Number of U.S. prime funds seen dwindling: iMoneynet

August 24, 2016 4:01 PM EDT

Traders work at desks on the floor of the New York Stock Exchange (NYSE) in New York City, U.S., August 23, 2016. REUTERS/Brendan McDermid

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NEW YORK (Reuters) - The number of prime money funds in the $2.7 trillion industry, which can invest in corporate debt in addition to government securities, is forecast to fall to 264 from 492 last August after new rules from the Securities and Exchange Commission go into effect on Oct. 14, research firm iMoneynet said on Wednesday.

Since July, some U.S. prime money market funds, which had been major holders of commercial paper and other bank debt, have changed over to funds that hold only government securities.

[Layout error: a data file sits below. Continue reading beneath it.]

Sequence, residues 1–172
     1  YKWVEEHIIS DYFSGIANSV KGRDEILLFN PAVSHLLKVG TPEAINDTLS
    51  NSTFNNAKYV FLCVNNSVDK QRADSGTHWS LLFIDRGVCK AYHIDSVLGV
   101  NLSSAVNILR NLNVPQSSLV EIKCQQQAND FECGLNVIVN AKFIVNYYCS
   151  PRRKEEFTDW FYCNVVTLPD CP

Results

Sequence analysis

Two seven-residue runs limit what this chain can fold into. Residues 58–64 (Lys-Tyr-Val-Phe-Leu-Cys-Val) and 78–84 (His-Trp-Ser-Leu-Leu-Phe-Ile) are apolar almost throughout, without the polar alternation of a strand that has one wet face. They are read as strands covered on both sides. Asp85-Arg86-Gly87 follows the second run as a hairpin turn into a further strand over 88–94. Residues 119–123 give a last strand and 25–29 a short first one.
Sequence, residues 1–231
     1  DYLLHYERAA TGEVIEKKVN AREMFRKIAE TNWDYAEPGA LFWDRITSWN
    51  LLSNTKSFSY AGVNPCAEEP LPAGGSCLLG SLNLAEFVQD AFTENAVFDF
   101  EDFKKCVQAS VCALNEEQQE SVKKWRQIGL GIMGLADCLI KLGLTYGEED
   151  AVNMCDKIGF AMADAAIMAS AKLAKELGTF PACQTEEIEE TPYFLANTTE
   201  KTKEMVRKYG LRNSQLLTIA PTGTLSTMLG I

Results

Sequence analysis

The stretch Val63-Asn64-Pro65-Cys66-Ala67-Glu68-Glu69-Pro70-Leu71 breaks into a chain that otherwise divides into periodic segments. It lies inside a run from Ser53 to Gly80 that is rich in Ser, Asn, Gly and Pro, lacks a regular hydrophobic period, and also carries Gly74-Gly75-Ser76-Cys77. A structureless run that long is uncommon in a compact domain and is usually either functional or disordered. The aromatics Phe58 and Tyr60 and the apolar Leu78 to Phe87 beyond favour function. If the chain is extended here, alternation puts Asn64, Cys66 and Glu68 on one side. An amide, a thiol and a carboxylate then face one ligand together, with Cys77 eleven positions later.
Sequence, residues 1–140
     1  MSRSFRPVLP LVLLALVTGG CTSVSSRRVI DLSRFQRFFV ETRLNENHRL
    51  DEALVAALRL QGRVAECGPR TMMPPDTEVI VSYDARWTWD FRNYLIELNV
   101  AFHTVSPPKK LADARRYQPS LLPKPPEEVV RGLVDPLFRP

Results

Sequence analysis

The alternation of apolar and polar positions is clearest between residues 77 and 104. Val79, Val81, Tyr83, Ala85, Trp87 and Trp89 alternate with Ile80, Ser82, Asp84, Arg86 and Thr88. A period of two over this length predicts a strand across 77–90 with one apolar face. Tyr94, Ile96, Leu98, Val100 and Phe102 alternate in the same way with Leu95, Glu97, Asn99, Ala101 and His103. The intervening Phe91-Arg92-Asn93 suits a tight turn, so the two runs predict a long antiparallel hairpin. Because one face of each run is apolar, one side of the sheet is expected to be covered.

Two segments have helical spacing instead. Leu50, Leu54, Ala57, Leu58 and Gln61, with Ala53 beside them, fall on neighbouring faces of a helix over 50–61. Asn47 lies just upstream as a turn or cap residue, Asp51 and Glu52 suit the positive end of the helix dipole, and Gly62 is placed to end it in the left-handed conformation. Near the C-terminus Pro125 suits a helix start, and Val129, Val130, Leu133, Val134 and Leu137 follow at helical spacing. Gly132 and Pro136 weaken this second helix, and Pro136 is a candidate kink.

Government-only money funds are exempt from rules on share value and fees from the upcoming SEC rules on net asset values (NAV) and fees during times of market turbulence such as the global financial crisis.

"As the switch mandated to bond-fund-like floating net asset values has propelled many of their investors to move their cash into stable-NAV Government Institutional funds, boosting their overall assets by 40.5 percent," iMoneynet said in a statement.

The ranks of government-only funds are forecast to grow to 587 in mid-October from 476 a year earlier.

Meanwhile, state-specific tax-free money funds for institutional investors will cease to exist by the October deadline due to the new NAV rule, it said.

At the end of July, there were 38 of them worth $3.6 billion, compared with 86 worth $8.07 billion in August 2015.

(Reporting by Richard Leong; Editing by Steve Orlofsky and Sandra Maler)

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